The day before the Receiver was to present the bids for NRD to the Court for a final decision, Ed met with the Receiver in downtown Toronto. Ed had three envelopes with revised bids in his suit jacket and attempted (with no luck) to get information on the management bid. Accordingly, Ed revised his bid at the final moment and presented the Receiver with the envelope with the highest bid.
The following day Aptec’s bid was accepted. Contemporaneously, Mario and Tom Raudorf left for ORTEC along with one of the technicians. The other PhD was earlier told by management that their bid was the highest and he made the decision to also move to ORTEC. He was shocked when told that Aptec had revised their bid at the last minute and that NRD was becoming part of Aptec.
Since the germanium detector development was collaborating heavily with the detector development group at Atomic Energy of Canada in Chalk River, Ontario, Ed went up and met with the team there. Shortly thereafter Howard Malm, a high level PhD working on HpGe detectors left the AECL research team and joined the Aptec group. Howard rebuilt the Aptec detector development group in short order.
One of the problems with the acquisition of NRD was that the HPGe work put Aptec into direct competition with Canberra’s own efforts in HPGe development. Consequently, Canberra had no choice but to eventually terminate the excellent representation arrangement with the representative side of Aptec’s business.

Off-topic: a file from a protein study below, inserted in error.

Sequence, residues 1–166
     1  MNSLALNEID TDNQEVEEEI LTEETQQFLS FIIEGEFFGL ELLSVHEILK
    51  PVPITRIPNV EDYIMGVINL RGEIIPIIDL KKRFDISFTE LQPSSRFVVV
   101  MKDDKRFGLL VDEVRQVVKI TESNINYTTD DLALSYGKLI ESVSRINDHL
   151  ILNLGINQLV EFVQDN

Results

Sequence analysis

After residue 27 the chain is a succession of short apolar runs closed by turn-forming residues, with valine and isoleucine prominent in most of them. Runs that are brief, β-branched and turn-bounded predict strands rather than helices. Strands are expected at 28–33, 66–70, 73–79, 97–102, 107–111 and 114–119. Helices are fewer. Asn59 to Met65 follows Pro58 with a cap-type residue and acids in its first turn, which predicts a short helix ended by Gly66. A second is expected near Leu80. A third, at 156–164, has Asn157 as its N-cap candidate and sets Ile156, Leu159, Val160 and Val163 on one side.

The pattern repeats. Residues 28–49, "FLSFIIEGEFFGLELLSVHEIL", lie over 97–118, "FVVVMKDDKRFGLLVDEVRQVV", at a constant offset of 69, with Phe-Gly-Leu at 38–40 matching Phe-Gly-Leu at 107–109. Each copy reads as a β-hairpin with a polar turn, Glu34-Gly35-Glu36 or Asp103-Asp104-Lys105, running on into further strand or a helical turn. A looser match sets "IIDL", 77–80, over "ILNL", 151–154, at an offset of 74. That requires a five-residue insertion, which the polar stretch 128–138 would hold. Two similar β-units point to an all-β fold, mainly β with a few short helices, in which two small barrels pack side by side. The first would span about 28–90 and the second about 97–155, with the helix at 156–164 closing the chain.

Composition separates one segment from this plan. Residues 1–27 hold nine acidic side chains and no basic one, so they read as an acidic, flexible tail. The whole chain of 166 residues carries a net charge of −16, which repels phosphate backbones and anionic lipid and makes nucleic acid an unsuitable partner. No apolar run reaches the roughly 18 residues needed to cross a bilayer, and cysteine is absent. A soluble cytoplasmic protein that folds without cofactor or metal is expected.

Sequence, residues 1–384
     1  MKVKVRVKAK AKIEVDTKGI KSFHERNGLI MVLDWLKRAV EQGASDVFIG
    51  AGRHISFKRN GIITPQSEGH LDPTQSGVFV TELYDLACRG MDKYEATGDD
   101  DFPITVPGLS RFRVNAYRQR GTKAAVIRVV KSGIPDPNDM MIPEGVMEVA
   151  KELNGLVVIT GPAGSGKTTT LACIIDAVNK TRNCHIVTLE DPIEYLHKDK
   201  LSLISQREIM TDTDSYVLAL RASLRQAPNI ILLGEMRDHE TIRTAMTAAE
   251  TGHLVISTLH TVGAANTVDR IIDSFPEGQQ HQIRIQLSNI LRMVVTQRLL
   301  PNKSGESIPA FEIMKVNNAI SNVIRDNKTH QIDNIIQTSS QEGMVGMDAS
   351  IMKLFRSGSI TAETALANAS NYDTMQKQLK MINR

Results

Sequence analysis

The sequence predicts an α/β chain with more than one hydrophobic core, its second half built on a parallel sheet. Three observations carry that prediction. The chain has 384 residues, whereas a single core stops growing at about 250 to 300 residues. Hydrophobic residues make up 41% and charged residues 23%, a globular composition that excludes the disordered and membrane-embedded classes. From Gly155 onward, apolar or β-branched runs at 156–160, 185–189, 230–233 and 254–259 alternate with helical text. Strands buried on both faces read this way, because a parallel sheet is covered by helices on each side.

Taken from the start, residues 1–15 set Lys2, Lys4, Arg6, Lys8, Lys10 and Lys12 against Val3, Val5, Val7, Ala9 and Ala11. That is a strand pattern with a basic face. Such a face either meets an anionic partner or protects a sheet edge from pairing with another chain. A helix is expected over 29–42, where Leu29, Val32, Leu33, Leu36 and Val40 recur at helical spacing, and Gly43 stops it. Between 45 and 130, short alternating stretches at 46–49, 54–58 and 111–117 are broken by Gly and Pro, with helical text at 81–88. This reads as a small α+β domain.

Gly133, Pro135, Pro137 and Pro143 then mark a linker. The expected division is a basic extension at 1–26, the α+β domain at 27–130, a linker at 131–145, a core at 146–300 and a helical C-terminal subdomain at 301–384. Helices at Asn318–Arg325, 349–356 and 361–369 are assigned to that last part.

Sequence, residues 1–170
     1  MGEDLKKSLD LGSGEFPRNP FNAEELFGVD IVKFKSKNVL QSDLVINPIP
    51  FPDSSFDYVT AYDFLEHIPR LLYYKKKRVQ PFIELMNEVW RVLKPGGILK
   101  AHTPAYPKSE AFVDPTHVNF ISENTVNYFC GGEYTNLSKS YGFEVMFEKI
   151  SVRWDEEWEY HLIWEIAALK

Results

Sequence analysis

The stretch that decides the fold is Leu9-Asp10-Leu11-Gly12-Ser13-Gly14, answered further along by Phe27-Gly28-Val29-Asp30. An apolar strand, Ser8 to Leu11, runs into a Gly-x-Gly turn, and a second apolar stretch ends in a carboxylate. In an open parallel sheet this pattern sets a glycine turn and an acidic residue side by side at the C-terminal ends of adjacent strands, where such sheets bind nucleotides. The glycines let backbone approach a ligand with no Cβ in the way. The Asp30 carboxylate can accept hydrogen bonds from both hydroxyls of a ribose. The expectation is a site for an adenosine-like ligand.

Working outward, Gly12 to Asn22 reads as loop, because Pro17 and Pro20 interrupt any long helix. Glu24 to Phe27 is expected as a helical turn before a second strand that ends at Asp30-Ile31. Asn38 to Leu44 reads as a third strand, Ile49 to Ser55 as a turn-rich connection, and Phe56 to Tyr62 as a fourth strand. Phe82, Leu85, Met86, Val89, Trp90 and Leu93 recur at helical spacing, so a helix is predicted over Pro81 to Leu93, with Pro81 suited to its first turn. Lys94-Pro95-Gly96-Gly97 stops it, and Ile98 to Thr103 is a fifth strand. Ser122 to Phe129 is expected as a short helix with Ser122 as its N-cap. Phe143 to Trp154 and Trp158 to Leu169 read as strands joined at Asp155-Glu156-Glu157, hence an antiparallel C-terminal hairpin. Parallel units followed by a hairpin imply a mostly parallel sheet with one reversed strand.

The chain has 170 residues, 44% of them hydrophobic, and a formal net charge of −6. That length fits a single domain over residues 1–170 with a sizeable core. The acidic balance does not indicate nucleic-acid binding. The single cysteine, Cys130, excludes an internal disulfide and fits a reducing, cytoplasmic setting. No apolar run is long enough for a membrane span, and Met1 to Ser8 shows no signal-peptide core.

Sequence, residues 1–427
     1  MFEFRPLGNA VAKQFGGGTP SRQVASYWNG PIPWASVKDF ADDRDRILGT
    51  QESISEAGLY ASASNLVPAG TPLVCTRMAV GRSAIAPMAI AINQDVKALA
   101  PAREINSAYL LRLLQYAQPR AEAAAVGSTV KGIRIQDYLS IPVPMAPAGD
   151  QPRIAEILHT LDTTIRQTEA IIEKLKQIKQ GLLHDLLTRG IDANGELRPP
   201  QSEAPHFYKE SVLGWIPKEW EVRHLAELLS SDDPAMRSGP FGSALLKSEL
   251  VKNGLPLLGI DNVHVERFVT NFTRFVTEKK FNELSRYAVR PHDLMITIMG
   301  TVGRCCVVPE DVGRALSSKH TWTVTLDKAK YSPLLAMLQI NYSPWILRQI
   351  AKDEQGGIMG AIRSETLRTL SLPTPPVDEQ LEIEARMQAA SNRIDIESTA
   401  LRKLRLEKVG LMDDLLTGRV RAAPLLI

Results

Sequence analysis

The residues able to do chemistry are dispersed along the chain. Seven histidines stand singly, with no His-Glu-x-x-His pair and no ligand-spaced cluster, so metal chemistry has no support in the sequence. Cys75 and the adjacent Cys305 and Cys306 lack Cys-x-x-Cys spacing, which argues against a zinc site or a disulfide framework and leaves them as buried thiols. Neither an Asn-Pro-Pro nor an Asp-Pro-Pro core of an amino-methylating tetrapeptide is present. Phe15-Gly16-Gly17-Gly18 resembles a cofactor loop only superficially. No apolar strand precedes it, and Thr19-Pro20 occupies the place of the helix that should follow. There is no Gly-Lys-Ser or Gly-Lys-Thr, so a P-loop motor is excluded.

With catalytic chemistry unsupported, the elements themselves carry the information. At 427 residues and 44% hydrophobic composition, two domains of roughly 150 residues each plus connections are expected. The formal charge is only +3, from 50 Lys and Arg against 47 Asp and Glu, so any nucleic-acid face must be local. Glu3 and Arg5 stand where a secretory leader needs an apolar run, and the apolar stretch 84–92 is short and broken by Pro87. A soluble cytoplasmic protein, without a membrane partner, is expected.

Unfortunately, Aptec struggled for about 10 years in trying to develop a production flow of HPGe detectors with marginal success. The cash flow burden became too large and the company had no choice but to shut down that part of its operation.
In the meantime, Aptec’s surface contamination product development flourished with an incredible and talented group headed by Gregory Bogorodzki. The group included Lloyd Cass (software) and Janusz Skierski (firmware) and their efforts began to show considerable promise. Towards the latter half of the 1990s large contracts began to be obtained, first for hand and foot monitors and later for whole body monitors. The company’s fortunes rapidly improved.
Then came Nuclear Research Corporation (NRC).
Ed had heard that NRC, headquartered in Warrington, PA (a suburb of Philadelphia) and also with another manufacturing facility in Dover, NJ, was up for sale for a number of reasons. Ed flew down and met with Earl Pollack (the principal owner and president of NRC at the time). Earl explained that he was under some pressure to sell the company. He had also made contact with Canberra among others regarding a potential buyout. In reviewing the situation, it became apparent that NRC was considerably over extended. However, even though Canberra backed away from any buyout of NRC, Ed felt that there was a product fit between Aptec and NRC.
However, in analyzing the situation, Ed felt that to do anything, he needed Cogema (the forerunner of Areva) to join with him to package a deal together. Cogema at the time wanted to expand its Instrumentation and control group in North America. Ed also knew that Cogema had ample resources to finance the deal. So the deal was done with Aptec buying out NRC and Cogema buying 51% of the combination which became known as Aptec/NRC.
Then came Canberra Industries (CI).
Within approximately a year, Cogema acquired the assets of Canberra Industries. And shortly thereafter, Cogema negotiated the purchase of the final 49% of Aptec / NRC and eventually they combined all of the operations under Canberra Industries.
Ed stayed on as a consultant for just under a year after the final buyout and then retired fully from active business involvement at the end of 2001.